The omniscient narration centers on perfectionist India Chumley, a brilliant, mixed-race divorce attorney (her mother is a white stage actress, her black father is long dead) who longs for love but is determined to avoid all the mistakes she’s watched others make in their marriages – which predictably leaves her single. Her married best friends fare little better, though. Abby, a Jewish woman, adores her philandering WASPy sculptor husband, despite his churlish, needy attitude. Latina heiress Esme loves her true-blue WASP Tim too, but doesn’t find their conventional life stimulating, emotionally or sexually. Obstetrician Monique married her Harvard educated husband and built the perfect African-American power couple. And now that she has it all, she realizes that she gave up a lot in bed. Are you getting the idea that the relationships in this book revolve around sex? You’re on the right track.

This book was originally described to me as “beachy,” but I’m not sure I’d describe it that way. The themes were too serious for what I’d describe as a true beach book. The characters are not the one-dimensional icons that often inhabit beach reads – they’re actually really complex, flawed and interesting. In fact, looking at my own 20th wedding anniversary this year, I admit I found myself wishing that at least one of the couples could be happy in that romance novel sort of way. But this book doesn’t provide those kinds of easy answers.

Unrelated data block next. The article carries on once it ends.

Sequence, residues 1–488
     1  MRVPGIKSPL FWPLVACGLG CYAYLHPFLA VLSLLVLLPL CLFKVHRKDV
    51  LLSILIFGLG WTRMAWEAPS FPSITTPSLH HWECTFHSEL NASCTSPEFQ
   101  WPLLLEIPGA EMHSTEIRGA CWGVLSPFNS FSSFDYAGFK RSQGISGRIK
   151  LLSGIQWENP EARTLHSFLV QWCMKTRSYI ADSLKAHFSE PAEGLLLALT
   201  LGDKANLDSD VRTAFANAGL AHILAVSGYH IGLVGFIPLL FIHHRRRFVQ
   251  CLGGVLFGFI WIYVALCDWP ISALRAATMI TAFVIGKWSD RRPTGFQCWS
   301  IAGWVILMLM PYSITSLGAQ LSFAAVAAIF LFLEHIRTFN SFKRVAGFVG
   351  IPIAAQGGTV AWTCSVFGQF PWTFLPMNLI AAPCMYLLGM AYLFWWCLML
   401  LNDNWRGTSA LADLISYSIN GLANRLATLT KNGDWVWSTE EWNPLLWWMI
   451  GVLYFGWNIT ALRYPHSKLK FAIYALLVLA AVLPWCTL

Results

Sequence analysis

My biggest issue with the book has to do with balance. Male cheaters were all considered dogs. Fine, I’m on board. But they also seemed to be the only “sexy” men in the book. The faithful guys were all rather a snore. That sets every relationship up for failure, which might make good drama, but also sustains a stereotype of modern romance that I don’t really appreciate. All the women’s infidelities, on the other hand, seemed somehow “explainable.” But I’d argue that makes total sense from the perspective of a group of girlfriends. There’s not a lot you wouldn’t forgive your best girlfriend, is there? That's what I'm talking about.

Even though One Flight Up wasn’t what I expected, I did enjoy it. Fales-Hill is a good story teller, and I’m looking forward to watching her technique mature. It was fun reading a book from a different cultural perspective, especially one that takes place in my hometown of New York. (I could have missed the copious descriptions of designer outfits, but that’s just me. I’m sure to some people it would be fascinating.) If you like contemporary romances, and are interested in a multicultural perspective in your reading, I'd suggest you give this book a try.